One of the key things that I felt was missing in my Arabic learning was inspiring an appreciation and love for it. When I was growing up the two key methods for teaching were repetition and discipline with no afterthought or regard for the knock on consequence that it had on my relationship with Islam. I think there was a lack of understanding as to how detrimental compromising on the quality of Arabic/Islamic education can be for a young Muslim’s faith.
If the only consequence of Arabic schools was that young Muslims weren’t learning much Arabic then it wouldn’t be as big of a big deal. But on top of this, Arabic students are developing a negative outlook on Islam at the same time. (Not everyone, but enough people)
I think Arabic schools have benefits to them, however here are the reasons why I personally am not a big fan of them.
1. Classes are organized by numbers instead of ability
Because Arabic/Islamic education is secondary to primary school education and usually around 2-3 hours a week, a lot of it is affected by how much effort parents put in. So just because 2 kids are the same age, one could be a lot more advanced than the other and yet they’re put in the same class. I remember teaching Qur’an, and one child would be on Surah Al Qariah, and another would barely have memorized Surah Al Fatiha. That same child would come in week after week, never learning past Surah Al Fatiha, but the other child would keep going.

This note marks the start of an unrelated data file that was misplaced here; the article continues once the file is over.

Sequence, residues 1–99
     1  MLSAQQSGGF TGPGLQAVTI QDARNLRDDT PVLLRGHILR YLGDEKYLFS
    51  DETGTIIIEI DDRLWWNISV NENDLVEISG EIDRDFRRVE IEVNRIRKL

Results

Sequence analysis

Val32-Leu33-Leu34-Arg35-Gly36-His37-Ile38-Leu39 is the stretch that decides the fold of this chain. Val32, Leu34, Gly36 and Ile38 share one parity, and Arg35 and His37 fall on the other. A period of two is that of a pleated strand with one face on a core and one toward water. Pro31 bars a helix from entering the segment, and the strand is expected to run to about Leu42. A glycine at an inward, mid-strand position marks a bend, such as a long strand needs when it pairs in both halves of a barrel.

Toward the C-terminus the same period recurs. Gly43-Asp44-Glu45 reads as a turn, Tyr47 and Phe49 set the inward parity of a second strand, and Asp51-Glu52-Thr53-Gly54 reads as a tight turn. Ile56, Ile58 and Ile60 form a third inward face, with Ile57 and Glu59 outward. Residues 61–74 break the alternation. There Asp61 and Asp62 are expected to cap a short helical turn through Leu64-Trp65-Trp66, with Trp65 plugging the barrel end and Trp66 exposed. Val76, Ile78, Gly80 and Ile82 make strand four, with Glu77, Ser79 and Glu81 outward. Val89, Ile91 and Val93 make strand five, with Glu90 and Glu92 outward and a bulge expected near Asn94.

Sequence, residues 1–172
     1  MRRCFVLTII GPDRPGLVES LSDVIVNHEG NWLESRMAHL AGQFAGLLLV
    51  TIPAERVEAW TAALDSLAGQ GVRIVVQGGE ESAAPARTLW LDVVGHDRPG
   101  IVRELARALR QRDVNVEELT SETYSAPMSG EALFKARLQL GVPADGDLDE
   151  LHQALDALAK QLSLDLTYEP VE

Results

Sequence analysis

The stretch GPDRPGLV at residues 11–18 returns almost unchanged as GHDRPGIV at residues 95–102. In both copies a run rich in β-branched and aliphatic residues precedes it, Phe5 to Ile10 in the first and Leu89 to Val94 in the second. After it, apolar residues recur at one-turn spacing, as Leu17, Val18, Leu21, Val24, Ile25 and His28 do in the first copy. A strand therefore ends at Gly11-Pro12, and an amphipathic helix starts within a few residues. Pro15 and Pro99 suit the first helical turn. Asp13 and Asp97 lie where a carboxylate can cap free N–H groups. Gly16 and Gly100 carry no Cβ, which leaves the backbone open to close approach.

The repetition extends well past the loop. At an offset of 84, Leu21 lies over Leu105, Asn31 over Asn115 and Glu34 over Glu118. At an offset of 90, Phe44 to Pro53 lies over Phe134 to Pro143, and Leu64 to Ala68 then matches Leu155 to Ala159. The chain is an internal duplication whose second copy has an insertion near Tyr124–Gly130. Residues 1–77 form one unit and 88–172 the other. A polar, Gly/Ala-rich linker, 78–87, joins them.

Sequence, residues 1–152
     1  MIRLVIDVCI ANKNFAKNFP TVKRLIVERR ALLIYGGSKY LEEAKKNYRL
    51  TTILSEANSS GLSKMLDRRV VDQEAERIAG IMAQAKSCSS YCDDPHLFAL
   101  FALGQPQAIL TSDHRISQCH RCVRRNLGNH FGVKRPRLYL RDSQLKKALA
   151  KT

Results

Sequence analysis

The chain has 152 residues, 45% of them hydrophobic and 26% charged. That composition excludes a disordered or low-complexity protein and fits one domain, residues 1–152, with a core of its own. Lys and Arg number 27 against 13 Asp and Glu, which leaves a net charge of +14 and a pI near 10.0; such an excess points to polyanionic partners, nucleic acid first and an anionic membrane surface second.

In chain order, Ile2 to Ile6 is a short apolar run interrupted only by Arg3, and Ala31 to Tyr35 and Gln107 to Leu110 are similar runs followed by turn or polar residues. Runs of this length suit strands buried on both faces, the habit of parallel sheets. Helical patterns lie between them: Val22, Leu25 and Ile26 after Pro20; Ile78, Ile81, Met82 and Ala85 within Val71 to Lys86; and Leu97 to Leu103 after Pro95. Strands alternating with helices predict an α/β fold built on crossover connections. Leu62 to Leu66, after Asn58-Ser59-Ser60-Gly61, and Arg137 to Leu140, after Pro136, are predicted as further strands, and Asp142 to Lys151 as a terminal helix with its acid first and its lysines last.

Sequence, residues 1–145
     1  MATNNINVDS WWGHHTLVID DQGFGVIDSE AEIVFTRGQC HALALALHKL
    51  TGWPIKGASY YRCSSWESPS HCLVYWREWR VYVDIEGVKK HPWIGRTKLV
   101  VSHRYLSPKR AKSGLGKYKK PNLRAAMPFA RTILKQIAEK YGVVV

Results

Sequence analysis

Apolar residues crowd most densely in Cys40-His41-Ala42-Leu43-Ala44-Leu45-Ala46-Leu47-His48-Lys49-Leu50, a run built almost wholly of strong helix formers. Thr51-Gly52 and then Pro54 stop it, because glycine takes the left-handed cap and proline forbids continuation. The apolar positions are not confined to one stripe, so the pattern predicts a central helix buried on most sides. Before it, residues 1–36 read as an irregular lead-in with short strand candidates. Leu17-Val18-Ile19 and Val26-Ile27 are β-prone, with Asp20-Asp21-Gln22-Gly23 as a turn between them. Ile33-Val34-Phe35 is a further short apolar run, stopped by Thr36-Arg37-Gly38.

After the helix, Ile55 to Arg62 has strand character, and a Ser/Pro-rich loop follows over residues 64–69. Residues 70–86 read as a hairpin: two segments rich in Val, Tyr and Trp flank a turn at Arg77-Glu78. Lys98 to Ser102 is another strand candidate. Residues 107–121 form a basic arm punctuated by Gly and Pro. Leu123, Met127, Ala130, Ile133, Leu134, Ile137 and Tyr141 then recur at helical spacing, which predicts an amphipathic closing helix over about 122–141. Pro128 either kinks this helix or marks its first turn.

And even where there was an effort made to group children by ability, it was undermining for some.
I remember teaching a nursery class which had students between the ages of 3-5, but one day a 9 year old kid was put in my class because he didn’t know the short surahs. To be in a class with the “babies” was undermining for him, but it was seen as the most appropriate solution.
Different people pick things up at different speeds, but when they’re all stuck in a class together learning teachers have 2 options. Leave children behind, or allow the advanced children to become bored. But often Arabic schools don’t have the resources to be able to accommodate different learning speeds, especially where the fees are cheap.
2. Parents have different motivations
Some parents are completely invested in their children learning Arabic/Qur’an. Other parents want cheap babysitting. And some parents want to absolve themselves of any responsibility for their child’s learning.
The assumption that one hour a week of Arabic or Quran on a Saturday is sufficient for a child with no revision in between is so wrong. A lot of these children learn fast, but then they forget even faster. It didn’t matter how many holiday packs I prepared or how many times I spoke to parents, some literally did absolutely nothing outside of school to help their children.